I also learned about the creation and management of an agroecology school in a developing country where agriculture is often synonymous with poverty and social failure. I was able to see the inside workings of an association and the drive of its members to succeed in following the children and beneficiaries of the NGO as best as possible, even in the current health context. I met many actors and pioneers of agroecology in Cambodia, all of them very inspiring.
On a personal level, I learned to speak Khmer, thanks to my colleagues, and I was able to discover their culture within the families in a more intimate and personal context than at the Bayon School.
What have you noticed about the health crisis? What can you say about the impact it has on farmers and their families?
“The February 20 Community Event” has turned the daily life of Khmers upside down. Cambodia had managed to curb and control the number of cases on its territory by sacrificing the tourism economy, closing its borders to tourist visas as early as March 2020. The Bayon families living around the temples have many jobs related to tourism and I have seen a great deal of solidarity within the families, with the return of brothers, sisters, and children who had left to work away from the temples. The farmers benefited from more labor to work with them in their gardens, but they also had more mouths to feed, representing a bigger workload. Their families became interested in the project and it was very motivating to work with them and explain the basics of agroecological principles!
What lessons can you take from this particular learning environment?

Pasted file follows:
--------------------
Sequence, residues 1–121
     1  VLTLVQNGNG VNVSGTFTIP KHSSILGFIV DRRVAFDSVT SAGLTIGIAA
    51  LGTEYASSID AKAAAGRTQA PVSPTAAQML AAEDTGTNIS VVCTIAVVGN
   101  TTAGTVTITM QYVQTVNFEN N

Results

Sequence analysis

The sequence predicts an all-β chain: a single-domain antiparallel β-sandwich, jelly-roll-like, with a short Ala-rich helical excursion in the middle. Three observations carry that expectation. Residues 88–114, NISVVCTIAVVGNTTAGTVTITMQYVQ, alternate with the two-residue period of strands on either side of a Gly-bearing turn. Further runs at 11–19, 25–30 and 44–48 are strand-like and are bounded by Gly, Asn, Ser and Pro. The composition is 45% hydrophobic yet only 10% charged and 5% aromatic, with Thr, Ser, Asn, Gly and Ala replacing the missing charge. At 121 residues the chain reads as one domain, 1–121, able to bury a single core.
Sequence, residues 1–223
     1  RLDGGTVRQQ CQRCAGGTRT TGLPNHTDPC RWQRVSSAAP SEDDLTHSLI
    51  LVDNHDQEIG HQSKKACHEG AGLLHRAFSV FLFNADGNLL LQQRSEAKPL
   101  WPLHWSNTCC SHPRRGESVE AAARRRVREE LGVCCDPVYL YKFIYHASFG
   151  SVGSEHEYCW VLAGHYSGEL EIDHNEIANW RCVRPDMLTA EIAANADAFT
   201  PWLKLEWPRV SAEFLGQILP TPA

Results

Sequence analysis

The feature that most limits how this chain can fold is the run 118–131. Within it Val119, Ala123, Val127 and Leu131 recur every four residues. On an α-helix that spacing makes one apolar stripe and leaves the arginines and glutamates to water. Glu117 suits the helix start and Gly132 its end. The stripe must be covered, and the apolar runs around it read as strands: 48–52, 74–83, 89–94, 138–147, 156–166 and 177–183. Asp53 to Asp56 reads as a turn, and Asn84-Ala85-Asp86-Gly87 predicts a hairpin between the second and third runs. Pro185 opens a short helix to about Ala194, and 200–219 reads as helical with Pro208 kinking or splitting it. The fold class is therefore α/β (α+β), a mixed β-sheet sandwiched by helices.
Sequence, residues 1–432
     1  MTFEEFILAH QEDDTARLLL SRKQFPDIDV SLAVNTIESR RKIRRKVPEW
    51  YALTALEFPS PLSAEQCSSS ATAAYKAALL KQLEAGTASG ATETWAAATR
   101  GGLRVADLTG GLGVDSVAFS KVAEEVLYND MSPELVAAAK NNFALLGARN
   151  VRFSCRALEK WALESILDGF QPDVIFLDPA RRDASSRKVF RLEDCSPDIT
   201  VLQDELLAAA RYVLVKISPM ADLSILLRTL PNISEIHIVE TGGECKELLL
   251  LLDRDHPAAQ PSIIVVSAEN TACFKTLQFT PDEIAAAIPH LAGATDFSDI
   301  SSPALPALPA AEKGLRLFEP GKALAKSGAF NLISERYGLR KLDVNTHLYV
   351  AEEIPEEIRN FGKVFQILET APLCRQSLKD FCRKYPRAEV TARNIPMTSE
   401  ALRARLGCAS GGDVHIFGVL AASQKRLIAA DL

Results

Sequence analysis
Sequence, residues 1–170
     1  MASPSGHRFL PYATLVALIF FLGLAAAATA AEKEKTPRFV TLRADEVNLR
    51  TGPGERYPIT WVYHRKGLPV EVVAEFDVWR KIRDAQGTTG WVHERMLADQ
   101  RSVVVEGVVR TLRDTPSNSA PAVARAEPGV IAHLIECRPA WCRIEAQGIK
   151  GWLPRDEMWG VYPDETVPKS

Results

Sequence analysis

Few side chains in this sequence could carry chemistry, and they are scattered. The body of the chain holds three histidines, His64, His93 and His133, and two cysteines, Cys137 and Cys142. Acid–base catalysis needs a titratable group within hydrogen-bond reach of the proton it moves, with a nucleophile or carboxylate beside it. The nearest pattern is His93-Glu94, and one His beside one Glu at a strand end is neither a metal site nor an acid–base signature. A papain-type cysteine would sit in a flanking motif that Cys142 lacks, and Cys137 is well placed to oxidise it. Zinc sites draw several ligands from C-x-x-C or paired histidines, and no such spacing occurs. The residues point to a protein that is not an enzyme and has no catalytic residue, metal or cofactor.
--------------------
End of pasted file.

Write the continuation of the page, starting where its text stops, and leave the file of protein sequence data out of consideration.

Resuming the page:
It is very important to have good communication within the teams in order to support each other and find solutions together. This is true for the Green Farming team, but also for the social team, as we work together distributing vegetables to the beneficiary families. It is in this type of crisis situation that we can observe the resilience of a project and a team, as well as improve certain points to better understand and find solutions to these difficulties.
What do you retain from this experience?
Whilst agriculture and agro-ecology act as a lever for the empowerment of a country, it is really the education of future generations that will boost the development of Cambodia. The majority of the members of the Bayon office have benefited from educational aid programs and, in turn, they are giving back to the underprivileged children of the Angkor temples. I really hope that Cambodia’s vaccination campaigns will allow the schools to reopen quickly so that the children can return to school.
I thank my colleagues Theary, Chorvin, Sreyleak, Sakoth and En for their welcome, the transmission of their knowledge and the smiles I received. I leave for France with my head full of memories of the farmers, of their laughter and of the pride they display in producing these vegetables and providing for their families. I will remember the courage and strength of these elderly women, who often work alone and who were able to regain their dignity and joy, thanks to the acquisition of this new knowledge in agriculture. The best moments of the week were always the visit of their gardens and the distribution of vegetables. It is such a pleasure to see them blossoming, exchanging tips and admiring each other’s vegetables!
I wish good luck to Marie, the new intern of the Green Farming team, who will be the lucky new interlocutor of the farmers!
If you had to summarize your experience here in 3 words?
Gratitude, Challenge and Autonomy. And Morning Glory!